Workers return to Notre Dame after toxic lead scare | News | DW | 19.08.2019
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Workers return to Notre Dame after toxic lead scare

Officials had closed the site after finding high levels of lead in the church. Environmental, health and labor groups have accused the government of downplaying the risk of lead contamination for locals and tourists.

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Inside Europe: Notre Dame health scare downplayed

Restoration work resumed at Notre Dame Cathedral on Monday after new safety measures had been agreed for construction workers at the gothic masterpiece, which was damaged and weakened in a massive fire in April.

The rebuilding of the Paris monument had been halted in July over concerns about the amount of lead in the air. Hundreds of tons of lead in the roof and steeple had melted in the blaze with winds spreading the particles well beyond the church grounds.

Residents and trade unions had accused the city of playing down the risk of lead poisoning, which can cause serious health problems.

An environmental group has filed a lawsuit alleging that officials failed to sufficiently contain the contamination.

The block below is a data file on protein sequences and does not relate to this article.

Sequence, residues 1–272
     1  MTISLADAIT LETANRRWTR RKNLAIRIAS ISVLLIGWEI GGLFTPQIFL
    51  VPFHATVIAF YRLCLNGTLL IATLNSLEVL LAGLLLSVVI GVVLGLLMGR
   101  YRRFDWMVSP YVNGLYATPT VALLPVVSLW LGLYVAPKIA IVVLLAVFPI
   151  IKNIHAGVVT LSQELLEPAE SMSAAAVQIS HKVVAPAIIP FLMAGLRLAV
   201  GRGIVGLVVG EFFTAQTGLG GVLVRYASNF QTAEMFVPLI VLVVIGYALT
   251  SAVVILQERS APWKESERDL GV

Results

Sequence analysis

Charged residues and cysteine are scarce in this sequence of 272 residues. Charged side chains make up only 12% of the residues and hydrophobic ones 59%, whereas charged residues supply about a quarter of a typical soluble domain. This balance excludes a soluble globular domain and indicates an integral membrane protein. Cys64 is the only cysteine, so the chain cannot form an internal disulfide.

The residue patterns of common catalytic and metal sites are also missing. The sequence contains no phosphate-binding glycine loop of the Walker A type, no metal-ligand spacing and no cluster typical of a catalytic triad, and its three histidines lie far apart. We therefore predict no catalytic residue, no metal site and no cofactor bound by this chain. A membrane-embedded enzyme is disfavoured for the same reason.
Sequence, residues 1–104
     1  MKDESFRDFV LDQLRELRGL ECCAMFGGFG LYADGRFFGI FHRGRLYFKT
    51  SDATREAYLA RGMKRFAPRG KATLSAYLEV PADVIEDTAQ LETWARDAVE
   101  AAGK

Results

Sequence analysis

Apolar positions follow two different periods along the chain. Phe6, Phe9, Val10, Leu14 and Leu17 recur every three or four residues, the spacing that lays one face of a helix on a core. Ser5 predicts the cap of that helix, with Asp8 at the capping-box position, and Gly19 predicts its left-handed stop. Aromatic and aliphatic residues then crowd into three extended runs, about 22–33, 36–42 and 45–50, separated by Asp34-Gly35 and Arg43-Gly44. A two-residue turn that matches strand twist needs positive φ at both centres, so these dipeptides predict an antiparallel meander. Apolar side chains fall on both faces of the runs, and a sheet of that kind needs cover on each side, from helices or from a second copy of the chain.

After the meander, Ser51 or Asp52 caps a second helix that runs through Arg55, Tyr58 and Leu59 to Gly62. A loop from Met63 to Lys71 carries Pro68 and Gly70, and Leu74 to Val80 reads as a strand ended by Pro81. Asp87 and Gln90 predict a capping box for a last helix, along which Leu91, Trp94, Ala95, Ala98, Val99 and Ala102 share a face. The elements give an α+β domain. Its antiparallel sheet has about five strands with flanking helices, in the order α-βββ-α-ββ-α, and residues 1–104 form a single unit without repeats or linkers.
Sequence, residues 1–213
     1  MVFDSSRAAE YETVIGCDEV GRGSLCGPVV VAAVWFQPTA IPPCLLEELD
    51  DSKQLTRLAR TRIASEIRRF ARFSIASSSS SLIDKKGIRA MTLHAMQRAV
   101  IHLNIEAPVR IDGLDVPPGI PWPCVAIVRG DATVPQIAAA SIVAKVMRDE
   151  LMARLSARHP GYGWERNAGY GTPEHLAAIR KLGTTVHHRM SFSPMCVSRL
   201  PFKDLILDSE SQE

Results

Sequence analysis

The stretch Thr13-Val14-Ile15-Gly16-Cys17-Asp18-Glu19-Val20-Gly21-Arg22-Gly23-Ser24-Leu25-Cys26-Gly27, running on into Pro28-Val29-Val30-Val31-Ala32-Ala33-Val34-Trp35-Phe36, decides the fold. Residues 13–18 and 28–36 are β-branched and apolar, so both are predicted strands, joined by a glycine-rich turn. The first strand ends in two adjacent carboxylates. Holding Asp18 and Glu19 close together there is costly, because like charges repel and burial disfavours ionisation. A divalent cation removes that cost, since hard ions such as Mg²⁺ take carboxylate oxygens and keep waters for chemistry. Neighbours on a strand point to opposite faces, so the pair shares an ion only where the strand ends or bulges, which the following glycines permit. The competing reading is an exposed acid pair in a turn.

New safety rules

The city's deputy mayor said all necessary measures would be taken to prevent health risks after health officials posted the results of new lead tests at schools and day care centers.

Strict rules have now been introduced for entering and leaving the reconstruction site. Workers are required to clean their clothing daily.

The French government's top official for the Paris region, Michel Cadot, approved the resumption of work after visiting the site.

"I saw that the different recommendations of the labor inspectors had been implemented," he said, adding the decontamination work would help keep contractors safe.

Read more: France's 'Robin Hood' NGO sues Paris for Notre Dame lead

Risk of collapse

Restoration of the cathedral has yet to begin with efforts focused entirely on securing the building.

French President Emmanuel Macron has set a target of five years for the restoration to be finished.

But the culture ministry said the work would not even begin until next year, warning the structure is still at risk of collapse.

kw/rc (AFP, dpa) 

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